The finite elements analyses were performed using the Ansys software (Ansys, Inc.) The 3D models of the non-dilated aorta and aortic aneurysms were divided into 244,000–293,000 3D tetrahedron SOLID187 elements with 430,000–519,000 nodes (discretization process). The elastic properties were chosen according to previously published studies [14, 16, 18]. Each aneurysm model had two versions: one, where the aortic wall elasticity was identical to the model of the non-dilated aorta (Young’s modulus: 6 MPa) and the other, where the Young’s modulus was increased up to 9 MPa. All mechanical properties of the aortic wall used in the computational models are presented in Table 2.
Table 2

Mechanical parameters of the aortic wall

Model

Young’s modulus

Poisson’s ratio

Non-dilated aorta

6 MPa

0,49

Aneurysm (ascending aorta and aortic root)

6 MPa, 9 MPa

0,45

The models were subjected to pressures of 120 mmHg and 160 mmHg. Moreover, a longitudinal up-and down movement of the aortic root and ascending aorta (systolic aortic stretching – SAS), caused by contraction of the heart during systole of 0 mm, 5 mm, 10 mm and 15 mm, was simulated. The distal descending aorta and distal parts of the aortic arch branches were immobilized in all directions. The distribution and maximal values of the stress (von-Mises stress) were assessed in each simulation for every model.

Results

Stress distribution

The areas of the maximal stress were identified in all models. In the simulations where the systolic aortic stretching (SAS) was not applied, the maximal stress was observed in the sinotubular junction (STJ) (Figs. 2, 3 and 4). When the SAS was applied, the peak wall stress (PWS) was identified at the junction of the ascending aorta and aortic arch and in the lesser curvature between arch and descending aorta. In the ascending aorta, the stress was higher in the concavity than the convexity. The areas of the highest wall stress were not observed in the most dilated segments but at sites of abrupt change of diameter and geometry. In the aortic root model, an additional site of high stress was observed in the area of the aortic annulus. Overall, the highest PWS was observed in the model of the aneurysm of the ascending aorta with a stiff wall (Young’s modulus 9 MPa), subjected to SAS of 15 mm and blood pressure of 160 mmHg. It amounted to 0.9 MPa and was localized in the area between the ascending aorta and the aortic arch (Fig. 3).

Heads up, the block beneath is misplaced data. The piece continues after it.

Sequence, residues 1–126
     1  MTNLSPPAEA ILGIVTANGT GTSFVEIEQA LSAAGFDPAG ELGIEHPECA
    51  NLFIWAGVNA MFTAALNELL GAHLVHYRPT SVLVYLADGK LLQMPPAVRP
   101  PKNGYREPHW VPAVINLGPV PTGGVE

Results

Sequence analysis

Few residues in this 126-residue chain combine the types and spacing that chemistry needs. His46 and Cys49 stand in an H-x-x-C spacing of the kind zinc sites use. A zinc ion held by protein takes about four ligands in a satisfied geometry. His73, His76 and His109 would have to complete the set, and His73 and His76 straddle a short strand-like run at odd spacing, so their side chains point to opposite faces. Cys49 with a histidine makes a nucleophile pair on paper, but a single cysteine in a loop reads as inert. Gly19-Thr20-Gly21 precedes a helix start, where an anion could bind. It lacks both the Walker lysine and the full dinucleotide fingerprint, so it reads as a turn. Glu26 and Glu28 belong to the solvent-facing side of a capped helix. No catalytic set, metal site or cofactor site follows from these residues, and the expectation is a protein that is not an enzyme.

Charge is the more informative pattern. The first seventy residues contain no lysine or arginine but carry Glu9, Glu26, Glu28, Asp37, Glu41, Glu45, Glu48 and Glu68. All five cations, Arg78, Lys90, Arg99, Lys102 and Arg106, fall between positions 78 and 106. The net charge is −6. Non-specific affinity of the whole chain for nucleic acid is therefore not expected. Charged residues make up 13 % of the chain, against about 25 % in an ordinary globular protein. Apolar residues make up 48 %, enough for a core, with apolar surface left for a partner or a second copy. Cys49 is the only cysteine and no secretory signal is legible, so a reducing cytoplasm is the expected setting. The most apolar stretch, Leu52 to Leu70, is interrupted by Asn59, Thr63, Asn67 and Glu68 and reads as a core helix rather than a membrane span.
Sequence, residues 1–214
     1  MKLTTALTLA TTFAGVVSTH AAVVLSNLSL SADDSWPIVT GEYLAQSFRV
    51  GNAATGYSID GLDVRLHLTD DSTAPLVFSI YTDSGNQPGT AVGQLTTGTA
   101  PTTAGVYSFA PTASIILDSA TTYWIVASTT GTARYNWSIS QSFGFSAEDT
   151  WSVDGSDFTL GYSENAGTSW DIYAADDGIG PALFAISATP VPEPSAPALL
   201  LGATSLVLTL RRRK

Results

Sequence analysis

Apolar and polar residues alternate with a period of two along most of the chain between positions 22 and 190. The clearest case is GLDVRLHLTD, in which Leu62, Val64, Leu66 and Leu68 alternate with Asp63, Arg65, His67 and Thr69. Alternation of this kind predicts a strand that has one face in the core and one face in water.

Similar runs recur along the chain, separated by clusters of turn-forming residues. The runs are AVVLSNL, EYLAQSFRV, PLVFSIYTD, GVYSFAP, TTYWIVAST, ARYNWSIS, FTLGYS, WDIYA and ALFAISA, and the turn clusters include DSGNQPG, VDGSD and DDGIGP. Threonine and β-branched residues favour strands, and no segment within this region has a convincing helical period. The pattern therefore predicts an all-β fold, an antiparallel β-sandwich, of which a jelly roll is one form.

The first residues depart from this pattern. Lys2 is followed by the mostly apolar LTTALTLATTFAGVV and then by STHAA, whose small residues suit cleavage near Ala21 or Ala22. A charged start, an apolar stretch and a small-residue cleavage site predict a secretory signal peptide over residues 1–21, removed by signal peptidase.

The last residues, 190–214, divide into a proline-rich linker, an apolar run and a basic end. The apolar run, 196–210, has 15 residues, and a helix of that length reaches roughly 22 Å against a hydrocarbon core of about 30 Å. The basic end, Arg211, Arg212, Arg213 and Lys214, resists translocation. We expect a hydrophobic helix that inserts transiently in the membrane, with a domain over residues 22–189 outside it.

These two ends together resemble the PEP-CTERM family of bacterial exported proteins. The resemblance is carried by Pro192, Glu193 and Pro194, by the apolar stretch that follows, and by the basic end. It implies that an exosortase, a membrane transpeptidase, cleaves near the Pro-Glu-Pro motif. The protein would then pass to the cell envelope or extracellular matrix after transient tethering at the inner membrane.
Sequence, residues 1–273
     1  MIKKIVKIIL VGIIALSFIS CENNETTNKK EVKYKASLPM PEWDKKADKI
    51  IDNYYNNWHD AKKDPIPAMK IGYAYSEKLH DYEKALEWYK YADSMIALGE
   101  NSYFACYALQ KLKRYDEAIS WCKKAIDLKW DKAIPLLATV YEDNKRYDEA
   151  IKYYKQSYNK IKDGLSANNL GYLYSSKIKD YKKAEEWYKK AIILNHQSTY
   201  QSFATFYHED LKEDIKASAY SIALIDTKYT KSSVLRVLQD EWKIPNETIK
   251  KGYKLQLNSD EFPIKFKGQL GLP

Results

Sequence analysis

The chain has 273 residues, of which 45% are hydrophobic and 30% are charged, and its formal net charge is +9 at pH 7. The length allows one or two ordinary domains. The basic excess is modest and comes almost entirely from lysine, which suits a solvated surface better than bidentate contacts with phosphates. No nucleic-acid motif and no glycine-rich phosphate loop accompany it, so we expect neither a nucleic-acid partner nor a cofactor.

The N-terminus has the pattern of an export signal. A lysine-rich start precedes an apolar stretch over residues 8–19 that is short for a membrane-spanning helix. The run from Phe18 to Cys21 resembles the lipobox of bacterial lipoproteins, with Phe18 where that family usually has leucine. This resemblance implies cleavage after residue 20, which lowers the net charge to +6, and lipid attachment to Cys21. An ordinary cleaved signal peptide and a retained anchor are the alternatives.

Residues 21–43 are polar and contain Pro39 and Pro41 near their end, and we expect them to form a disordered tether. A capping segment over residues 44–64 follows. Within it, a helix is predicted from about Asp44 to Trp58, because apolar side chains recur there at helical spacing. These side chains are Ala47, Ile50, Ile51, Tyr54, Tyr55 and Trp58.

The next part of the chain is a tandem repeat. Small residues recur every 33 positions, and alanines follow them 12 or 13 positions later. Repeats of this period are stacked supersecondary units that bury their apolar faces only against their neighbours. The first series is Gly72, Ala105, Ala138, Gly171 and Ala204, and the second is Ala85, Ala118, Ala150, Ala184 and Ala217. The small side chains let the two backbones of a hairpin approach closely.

Figure 2
Fig. 2

The wall stress in the model of the non-dilated aorta subjected to systolic aortic stretching of 0 mm, 5 mm, 10 mm and 15 mm. In the upper row, the models were subjected to arterial blood pressure of 120 mmHg, whereas in the lower row they were subjected to 160 mmHg. The colors represent peak wall stress in MPa

Figure 3
Fig. 3

The wall stress in the model of an aneurysm of the ascending aorta subjected to systolic aortic stretching of 0 mm, 5 mm, 10 mm and 15 mm. In the upper row, the models were subjected to arterial blood pressure of 120 mmHg, whereas in the lower row they were subjected to 160 mmHg. On the left, the models have an elastic wall, whereas the models on the right have a stiff wall. The colors represent peak wall stress in MPa

Figure 4
Fig. 4

The wall stress in the model of the aortic root aneurysm subjected to systolic aortic stretching of 0 mm, 5 mm, 10 mm and 15 mm. In the upper row, the models were subjected to arterial blood pressure of 120 mmHg, whereas in the lower row they were subjected to 160 mmHg. On the left, the models have an elastic wall, whereas the models on the right have a stiff wall. The colors represent peak wall stress in MPa

Arterial blood pressure

An increase in blood pressure from 120 mmHg to 160 mmHg caused an increase in the peak wall stress across the whole surface in all models. However, there was a larger increase in stress at sites of high peak stress, i.e. the sino-tubular junction or the area between the ascending aorta and the arch. The peak wall stress increased on average by 0.1 MPa regardless of the geometry, the systolic aortic stretching or the aortic wall elasticity.

Systolic aortic stretching

Systolic aortic stretching caused a significant increase in the peak wall stress in all the models. In the non-dilated aorta, the maximal stress in the aortic wall increased with the distance to which the aorta was pulled during the systolic motion of the heart. A 5 mm increase in the SAS caused a 0.1–0.2 MPa increase in PWS in all the models. The difference in stress between models with no SAS and those with 10 mm SAS was 0.2 MPa in the non-dilated aorta, 0.2–0.3 MPa in the aneurysm of the ascending aorta, and 0.1–0.2 MPa in the aortic root aneurysm model. When the SAS was changed from 0 mm to 15 mm the PWS increased by 0.4 MPa in the non-dilated aorta, 0.3–0.5 MPa in the aneurysm of ascending aorta and 0.2–0.3 MPa in aortic root aneurysm.

Aortic wall elasticity

The models of the aneurysms with lower aortic wall elasticity (Young’s modulus 9 MPa) had higher PWS values than those with elastic walls (Young’s modulus 6 MPa). The stress was higher on average by 0.1 MPa in models with stiffer walls. A 0.2 MPa increase in wall stress was observed in the model of the aneurysm of the ascending aorta when 15 mm systolic aortic stretching was applied.